Fetal blood sampling (FBS) is the collecting of fetal blood directly from the umbilical cord or fetus. The fetal blood is tested for signs of anemia and other blood problems. FBS is also known as cordocentesis or percutaneous umbilical cord blood sampling.
If you are Rh-sensitized and you are carrying an Rh-positive fetus, your immune system can attack the fetus's red blood cells. FBS is used to look at a fetus's red blood cell count and oxygen level, and it also looks for signs that your immune system is destroying fetal red blood cells.
FBS is performed in a hospital's outpatient surgery department. You will probably be given a sedative to reduce your and the fetus's movement during the FBS procedure.
- The fetus may be given an injection of medicine that temporarily stops movement.
- A small area of your abdomen is numbed with an injection of local anesthetic.
- Ultrasound is used to guide a needle through your abdomen into an umbilical vein in the umbilical cord.
- A small amount of blood is withdrawn into the needle and collected.
Why It Is Done
If Doppler ultrasound and/or amniocentesis tests show moderate to severe anemia, FBS is then used. FBS is usually reserved for use after these tests because of its greater risks-up to 2% of pregnancies miscarry after FBS, and up to 50% lead to worsened Rh sensitization problems. (This happens after fetal blood mixes with the mother's blood during the blood sampling.)1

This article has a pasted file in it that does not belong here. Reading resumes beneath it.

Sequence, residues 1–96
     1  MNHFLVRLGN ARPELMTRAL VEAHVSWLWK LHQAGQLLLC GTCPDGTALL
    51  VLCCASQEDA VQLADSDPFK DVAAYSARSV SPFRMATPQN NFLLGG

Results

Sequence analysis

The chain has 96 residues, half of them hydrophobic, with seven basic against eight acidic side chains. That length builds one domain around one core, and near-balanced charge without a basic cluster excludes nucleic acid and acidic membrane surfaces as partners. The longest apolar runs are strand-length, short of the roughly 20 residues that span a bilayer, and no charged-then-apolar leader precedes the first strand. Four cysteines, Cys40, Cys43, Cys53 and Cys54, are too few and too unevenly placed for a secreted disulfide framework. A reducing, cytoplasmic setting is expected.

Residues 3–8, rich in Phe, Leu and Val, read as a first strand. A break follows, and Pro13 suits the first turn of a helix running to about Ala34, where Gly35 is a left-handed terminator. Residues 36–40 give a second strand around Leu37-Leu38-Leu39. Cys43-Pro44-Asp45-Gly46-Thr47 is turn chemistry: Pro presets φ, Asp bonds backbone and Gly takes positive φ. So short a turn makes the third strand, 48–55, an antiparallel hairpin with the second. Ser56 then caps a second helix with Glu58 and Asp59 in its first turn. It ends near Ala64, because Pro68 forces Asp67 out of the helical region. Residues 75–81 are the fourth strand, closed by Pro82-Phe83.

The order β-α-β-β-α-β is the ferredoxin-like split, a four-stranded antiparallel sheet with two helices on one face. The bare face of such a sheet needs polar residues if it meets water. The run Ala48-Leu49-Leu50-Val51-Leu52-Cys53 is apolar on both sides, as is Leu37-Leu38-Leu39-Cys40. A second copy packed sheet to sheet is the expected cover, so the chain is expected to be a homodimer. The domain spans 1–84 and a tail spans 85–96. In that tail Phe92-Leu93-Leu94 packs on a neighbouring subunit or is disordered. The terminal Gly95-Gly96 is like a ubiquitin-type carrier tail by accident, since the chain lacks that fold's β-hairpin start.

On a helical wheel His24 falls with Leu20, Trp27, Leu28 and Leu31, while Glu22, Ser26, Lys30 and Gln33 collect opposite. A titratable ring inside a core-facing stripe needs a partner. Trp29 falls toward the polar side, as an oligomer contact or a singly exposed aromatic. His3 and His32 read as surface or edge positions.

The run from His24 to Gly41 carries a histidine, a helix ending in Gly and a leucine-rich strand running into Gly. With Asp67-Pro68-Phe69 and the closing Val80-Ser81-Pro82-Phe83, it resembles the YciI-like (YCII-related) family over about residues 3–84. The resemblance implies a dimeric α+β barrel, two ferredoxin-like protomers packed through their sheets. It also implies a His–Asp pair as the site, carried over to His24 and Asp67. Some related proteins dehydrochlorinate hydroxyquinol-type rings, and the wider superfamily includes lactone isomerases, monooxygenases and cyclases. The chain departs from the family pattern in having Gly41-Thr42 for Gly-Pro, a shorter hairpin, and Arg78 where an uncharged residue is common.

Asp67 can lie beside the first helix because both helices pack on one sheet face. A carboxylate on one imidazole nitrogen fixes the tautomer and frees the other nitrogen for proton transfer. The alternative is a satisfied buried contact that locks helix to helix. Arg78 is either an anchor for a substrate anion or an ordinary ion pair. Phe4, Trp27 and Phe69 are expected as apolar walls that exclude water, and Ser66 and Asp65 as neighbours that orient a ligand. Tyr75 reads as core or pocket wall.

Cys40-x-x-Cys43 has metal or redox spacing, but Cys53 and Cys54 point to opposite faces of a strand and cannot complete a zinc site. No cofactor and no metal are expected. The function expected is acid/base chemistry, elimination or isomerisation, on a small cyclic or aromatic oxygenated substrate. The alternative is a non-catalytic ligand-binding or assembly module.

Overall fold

FBS is usually used when a Doppler ultrasound and/or a series of amniocentesis tests have first shown moderate to severe anemia. Fetal blood tests show the oxygen level, red blood cell condition, and red blood cell count. This helps your doctor plan the best treatment for you during your pregnancy.
If the effects of Rh sensitization are severe and the fetus has severe anemia, a fetal blood transfusion may be done immediately. Future transfusions may be scheduled to keep the fetus healthy until it can be delivered safely.
What To Think About
FBS can be done as early as the 17th week of pregnancy, in the middle of the second trimester.
Primary Medical ReviewerSarah Marshall, MD - Family Medicine
Specialist Medical ReviewerWilliam Gilbert, MD - Maternal and Fetal Medicine
Current as ofMay 22, 2015